As we enter Holy Week, and journey through the events of Christ's passion and death, we find ourselves once again beneath the cross with Mary. At first glance, she doesn't appear to be doing anything there. Scripture doesn't record any of her words or cries of protest.
However, Father Ron Rolheiser notes that her presence at the crucifixion is a Hebrew show of strength. She is standing firm and "pondering" in the biblical sense, beholding the work of God.
Pondering is an active response — it is passion rather than passivity. Like Mary's answer to the angel Gabriel, it is the "Amen" of faith — the "yes" to the invitation of God.
The Book of Daniel says, "The people who know their God shall stand firm and take action" (11.32). In her position at the foot of the cross, Mary encourages us with the words, "Fear not, stand firm and see the salvation of the Lord" (Exodus 14.13).
This is the fulfillment of Mary's "fiat" to the angel. She fears not, she stands firm and ponders God's great "Behold" — Jesus Christ.
Here is the mission of the Saviour — born to carry out his Father's work of salvation to the world. Jesus is the Father's Word of wonder, nailed to the cross with arms upraised — the perfect symbol that points to a wonderful sight.
The depths of the Father's love is finally revealed, he who says tenderly to his children, "Behold, I have graven you on the palms of my hands" (Isaiah 49.16). In the hands of the Son of God lies our entire salvation.
This is also the work of the mother of the Saviour — the pure and spotless window that reveals this mission of redemption. In perfect imitation of Jesus, she unites herself to him on the cross, presenting him to the Father just as she did in the Temple. Mary's soul magnifies the Lord so completely that the light of Christ fills her and she disappears in the glory of her son.
At the moment when the Son of God breathes his last, Scripture tells us that the curtain of the Temple is torn in two. Behold - as life-giving blood and water flows from the open side of Christ, the veil of Mary's life is torn as well. Through the wound that sorrow rends in Mary's soul, we "look on him whom they have pierced" (Zechariah 12.10).
The tabernacle of Mary's heart opens wide to reveal the mystery of our salvation, contained in the Body and Blood of her Son. The thoughts of our own hearts are revealed as we ponder our redemption through the pure faith of the mother.
CNS PHOTO | DEBBIE HILL
Mary holds the body of her crucified son, Jesus, in this mural at Holy Family Church in the West Bank town of Ramallah.
Only from this view can we truly appreciate the Father's love for his children. The more that we understand the mother, the firmer is our stand of faith in the Son of God.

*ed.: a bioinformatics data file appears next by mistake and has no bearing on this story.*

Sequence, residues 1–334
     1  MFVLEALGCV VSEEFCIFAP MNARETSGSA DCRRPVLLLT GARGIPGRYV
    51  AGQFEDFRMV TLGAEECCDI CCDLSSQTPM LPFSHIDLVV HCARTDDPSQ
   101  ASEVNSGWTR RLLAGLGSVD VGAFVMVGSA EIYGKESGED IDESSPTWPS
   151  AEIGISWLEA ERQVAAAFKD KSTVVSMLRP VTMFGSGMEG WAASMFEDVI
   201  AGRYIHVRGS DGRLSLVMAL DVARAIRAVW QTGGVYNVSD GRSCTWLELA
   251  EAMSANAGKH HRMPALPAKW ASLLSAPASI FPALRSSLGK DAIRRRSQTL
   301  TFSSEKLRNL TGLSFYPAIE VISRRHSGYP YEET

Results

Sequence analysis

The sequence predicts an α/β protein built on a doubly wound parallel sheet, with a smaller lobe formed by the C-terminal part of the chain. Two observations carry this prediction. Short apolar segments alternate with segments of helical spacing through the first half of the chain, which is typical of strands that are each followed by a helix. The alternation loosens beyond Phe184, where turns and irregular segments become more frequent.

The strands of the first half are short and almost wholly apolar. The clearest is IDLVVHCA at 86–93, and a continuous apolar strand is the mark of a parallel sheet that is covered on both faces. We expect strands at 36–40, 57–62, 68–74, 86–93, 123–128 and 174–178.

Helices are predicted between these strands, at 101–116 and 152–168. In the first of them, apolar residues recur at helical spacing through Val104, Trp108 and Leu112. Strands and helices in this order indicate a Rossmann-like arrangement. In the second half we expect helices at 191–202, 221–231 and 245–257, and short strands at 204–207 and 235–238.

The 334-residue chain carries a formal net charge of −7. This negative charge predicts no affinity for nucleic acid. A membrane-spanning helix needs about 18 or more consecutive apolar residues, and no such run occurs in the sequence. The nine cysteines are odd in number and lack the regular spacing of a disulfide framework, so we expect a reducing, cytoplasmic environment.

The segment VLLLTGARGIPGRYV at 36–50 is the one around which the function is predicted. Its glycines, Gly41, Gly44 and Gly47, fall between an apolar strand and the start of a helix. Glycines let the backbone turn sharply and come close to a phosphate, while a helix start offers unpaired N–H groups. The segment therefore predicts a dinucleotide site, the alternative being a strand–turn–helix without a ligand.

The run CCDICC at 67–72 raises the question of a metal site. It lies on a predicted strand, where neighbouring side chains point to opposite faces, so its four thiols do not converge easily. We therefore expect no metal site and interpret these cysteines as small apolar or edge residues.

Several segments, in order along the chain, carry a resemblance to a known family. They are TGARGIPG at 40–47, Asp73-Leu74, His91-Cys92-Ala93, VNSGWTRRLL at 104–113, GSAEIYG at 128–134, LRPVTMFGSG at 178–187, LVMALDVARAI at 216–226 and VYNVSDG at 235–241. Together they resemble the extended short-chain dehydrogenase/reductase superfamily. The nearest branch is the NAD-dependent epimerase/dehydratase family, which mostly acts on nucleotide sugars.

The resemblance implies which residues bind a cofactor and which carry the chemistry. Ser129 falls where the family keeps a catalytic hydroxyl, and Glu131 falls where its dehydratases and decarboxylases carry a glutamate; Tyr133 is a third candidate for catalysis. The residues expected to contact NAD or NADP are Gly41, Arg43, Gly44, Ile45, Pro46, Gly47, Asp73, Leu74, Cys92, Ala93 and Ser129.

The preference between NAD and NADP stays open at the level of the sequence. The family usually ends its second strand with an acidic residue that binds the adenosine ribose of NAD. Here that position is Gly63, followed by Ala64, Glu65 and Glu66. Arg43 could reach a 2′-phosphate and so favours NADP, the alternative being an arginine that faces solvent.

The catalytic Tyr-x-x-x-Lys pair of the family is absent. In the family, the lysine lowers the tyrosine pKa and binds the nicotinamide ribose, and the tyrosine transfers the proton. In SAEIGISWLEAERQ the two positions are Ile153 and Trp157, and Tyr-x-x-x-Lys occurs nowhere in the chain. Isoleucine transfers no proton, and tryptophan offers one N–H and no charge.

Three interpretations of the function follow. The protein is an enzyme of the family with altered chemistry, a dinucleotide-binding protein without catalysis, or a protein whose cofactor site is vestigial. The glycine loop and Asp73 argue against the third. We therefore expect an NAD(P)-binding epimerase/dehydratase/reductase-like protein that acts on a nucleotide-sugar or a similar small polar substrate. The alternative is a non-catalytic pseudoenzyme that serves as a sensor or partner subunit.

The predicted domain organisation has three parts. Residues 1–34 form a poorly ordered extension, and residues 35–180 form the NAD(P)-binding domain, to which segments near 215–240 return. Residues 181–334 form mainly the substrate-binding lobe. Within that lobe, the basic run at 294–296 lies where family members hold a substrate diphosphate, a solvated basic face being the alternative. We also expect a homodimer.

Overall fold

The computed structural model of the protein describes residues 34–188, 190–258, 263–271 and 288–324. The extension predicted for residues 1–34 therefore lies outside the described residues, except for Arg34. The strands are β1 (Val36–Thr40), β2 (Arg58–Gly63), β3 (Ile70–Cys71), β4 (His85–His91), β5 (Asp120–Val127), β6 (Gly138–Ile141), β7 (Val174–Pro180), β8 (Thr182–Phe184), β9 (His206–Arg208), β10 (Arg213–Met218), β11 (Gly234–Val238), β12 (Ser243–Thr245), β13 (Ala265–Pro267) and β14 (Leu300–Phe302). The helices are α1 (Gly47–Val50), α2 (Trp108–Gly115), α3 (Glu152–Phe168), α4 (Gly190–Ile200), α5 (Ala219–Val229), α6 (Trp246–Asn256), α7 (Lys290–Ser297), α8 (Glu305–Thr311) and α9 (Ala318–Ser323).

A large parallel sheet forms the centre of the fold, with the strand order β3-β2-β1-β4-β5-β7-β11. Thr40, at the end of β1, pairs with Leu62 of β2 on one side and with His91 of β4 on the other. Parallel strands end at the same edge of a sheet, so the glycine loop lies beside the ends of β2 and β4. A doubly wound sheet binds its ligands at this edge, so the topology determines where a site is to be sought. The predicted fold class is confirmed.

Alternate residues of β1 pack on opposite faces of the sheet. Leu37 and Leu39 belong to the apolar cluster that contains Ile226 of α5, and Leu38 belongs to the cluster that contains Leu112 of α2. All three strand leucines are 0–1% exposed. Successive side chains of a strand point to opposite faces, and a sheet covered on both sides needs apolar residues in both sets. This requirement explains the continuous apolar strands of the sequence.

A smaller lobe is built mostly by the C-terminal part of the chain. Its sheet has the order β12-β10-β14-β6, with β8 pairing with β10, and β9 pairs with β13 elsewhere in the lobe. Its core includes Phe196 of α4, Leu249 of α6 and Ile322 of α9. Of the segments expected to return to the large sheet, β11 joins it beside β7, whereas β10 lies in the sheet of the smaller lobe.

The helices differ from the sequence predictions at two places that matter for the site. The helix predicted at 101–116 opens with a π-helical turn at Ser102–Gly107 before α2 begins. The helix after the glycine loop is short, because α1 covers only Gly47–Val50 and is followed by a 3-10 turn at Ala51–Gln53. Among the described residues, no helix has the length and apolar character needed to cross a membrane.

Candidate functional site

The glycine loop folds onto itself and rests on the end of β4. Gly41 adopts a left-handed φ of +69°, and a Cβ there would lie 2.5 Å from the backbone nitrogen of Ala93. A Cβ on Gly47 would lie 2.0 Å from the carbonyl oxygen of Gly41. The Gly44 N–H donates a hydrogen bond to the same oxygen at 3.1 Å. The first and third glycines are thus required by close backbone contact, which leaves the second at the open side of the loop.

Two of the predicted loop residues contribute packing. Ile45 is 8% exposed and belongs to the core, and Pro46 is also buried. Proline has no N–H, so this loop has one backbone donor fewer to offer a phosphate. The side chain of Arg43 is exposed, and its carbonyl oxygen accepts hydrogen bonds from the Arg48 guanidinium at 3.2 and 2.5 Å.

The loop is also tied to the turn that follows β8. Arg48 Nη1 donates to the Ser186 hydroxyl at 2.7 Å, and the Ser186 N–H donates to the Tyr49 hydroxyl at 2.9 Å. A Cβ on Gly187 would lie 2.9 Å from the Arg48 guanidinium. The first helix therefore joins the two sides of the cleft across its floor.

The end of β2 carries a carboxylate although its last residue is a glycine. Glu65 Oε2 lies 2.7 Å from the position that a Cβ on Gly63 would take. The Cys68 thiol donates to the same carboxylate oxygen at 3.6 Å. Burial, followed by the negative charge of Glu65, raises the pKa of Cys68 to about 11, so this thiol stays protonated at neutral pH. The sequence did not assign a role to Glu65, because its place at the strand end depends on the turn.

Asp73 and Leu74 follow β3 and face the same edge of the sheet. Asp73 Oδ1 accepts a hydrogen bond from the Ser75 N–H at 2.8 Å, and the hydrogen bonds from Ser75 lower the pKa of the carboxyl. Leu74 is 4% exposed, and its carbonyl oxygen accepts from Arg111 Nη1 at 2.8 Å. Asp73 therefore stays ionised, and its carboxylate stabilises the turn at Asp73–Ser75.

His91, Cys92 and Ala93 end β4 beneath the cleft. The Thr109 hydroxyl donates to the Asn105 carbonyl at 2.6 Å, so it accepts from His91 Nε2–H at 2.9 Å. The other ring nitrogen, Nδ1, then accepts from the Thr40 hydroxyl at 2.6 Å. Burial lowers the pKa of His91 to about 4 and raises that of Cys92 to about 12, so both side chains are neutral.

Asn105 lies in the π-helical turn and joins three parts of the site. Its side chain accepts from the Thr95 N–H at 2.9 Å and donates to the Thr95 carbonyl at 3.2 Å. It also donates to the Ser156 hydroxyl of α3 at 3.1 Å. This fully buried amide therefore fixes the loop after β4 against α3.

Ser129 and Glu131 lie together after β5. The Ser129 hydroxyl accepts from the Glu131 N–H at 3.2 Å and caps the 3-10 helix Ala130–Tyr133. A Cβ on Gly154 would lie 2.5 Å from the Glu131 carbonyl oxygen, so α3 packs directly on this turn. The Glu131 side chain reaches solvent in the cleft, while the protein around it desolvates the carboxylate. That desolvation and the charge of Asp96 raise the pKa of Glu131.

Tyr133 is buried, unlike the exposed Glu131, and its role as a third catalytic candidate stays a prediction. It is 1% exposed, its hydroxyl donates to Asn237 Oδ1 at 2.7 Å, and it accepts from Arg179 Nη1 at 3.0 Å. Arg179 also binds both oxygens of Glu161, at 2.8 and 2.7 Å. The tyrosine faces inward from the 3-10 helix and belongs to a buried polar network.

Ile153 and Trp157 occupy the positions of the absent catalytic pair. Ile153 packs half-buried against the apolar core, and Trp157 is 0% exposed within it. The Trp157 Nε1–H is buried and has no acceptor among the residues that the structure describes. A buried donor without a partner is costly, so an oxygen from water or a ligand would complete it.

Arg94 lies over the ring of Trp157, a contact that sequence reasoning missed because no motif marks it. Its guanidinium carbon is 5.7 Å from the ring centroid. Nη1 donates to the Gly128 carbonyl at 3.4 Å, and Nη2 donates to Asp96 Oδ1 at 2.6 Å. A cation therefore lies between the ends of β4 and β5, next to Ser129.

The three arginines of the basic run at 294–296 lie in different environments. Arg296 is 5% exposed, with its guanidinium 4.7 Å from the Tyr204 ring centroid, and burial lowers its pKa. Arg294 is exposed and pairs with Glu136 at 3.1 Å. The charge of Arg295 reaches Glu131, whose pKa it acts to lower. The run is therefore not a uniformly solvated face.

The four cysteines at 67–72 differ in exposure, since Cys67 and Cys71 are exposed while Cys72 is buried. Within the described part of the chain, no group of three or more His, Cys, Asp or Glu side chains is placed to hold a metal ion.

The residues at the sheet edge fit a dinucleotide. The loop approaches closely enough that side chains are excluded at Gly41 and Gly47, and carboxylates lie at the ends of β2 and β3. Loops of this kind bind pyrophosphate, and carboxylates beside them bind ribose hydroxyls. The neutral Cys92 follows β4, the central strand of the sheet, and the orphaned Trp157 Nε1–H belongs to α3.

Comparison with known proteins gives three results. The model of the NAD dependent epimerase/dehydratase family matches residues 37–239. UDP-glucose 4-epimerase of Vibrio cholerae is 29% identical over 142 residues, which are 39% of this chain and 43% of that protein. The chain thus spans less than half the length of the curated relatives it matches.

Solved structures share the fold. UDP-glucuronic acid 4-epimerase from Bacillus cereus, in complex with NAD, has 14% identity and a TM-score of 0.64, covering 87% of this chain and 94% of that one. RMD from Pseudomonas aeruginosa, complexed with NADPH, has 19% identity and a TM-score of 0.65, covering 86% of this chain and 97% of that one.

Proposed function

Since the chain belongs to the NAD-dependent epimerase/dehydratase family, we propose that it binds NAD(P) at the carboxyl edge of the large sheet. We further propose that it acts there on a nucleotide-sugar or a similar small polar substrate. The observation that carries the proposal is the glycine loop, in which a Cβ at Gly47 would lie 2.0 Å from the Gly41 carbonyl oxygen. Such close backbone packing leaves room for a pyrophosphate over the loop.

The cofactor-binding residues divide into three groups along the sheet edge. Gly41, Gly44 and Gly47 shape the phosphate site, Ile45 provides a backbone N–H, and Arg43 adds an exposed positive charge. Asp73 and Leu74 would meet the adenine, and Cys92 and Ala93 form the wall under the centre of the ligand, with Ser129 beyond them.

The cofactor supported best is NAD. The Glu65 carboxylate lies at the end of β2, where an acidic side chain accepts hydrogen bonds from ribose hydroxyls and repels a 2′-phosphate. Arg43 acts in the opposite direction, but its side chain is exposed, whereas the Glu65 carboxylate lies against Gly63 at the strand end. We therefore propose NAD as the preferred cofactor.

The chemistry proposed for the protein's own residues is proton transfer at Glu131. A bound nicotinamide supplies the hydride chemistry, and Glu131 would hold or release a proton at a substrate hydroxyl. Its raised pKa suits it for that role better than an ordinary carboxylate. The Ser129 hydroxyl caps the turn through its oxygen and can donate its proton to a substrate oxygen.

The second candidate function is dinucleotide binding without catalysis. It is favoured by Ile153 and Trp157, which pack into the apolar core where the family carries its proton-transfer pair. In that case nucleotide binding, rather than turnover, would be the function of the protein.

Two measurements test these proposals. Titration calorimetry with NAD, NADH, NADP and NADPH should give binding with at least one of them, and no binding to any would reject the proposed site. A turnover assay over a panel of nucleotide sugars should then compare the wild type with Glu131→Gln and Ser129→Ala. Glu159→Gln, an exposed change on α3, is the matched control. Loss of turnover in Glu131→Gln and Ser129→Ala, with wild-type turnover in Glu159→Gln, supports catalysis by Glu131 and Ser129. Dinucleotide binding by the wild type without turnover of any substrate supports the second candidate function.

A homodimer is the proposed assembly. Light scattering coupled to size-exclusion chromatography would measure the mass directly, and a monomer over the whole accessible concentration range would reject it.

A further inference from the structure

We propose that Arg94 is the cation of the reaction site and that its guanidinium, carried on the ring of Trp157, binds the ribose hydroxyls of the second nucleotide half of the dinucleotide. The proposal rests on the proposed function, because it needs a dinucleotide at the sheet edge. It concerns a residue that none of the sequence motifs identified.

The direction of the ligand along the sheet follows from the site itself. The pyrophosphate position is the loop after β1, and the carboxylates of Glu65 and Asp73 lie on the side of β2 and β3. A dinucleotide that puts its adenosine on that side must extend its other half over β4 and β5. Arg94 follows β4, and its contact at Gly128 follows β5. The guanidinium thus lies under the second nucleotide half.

From the cross, Jesus commands "Behold your mother," and we turn to look at her, only to find the beloved Son of the commandment. In fact, wherever we find Mary in Scripture, there is Jesus — at the Annunciation, at the manger, in the Temple, during Christ's ministry and now at the cross.
If we keep our gaze fixed on Mary, pondering our mother, we are sure to find Jesus. At the celebration of Mass on Holy Thursday, when the Church re-presents Jesus to the Father as the perfect sacrifice, Mary - the mother of the Lamb — is there with us, our perfect model of humble obedience and faith.
However, it is necessary that we hold Mary in our view throughout Holy Week, after the tabernacle is emptied and the tomb is sealed. Mary continues to speak her "fiat" to the will of God, even in the shadow of the cross and beyond the finality of the grave.
With her, we need to hold fast to the words of St. Elizabeth: "Blessed is she who believed that there would be a fulfilment of what was spoken to her from the Lord" (Luke 1.45). We need to trust in God's promise and remember that the pain of the cross is always followed by the joy of the resurrection.
So stand with Mary throughout the passion and crosses of our own lives, meditating upon her gifts of grace, pondering her actions and witnessing to her perfect faith. If we keep our eyes on Mary and stay close to her at the foot of the cross, we will surely be present on Easter morning to share with her the joy and the glory of the resurrection.
(Anne Marie Posella is a graduate theology student at Catholic Distance University. She educates her children at home and works as an instructor at St. Clair College in Chatham, Ont.)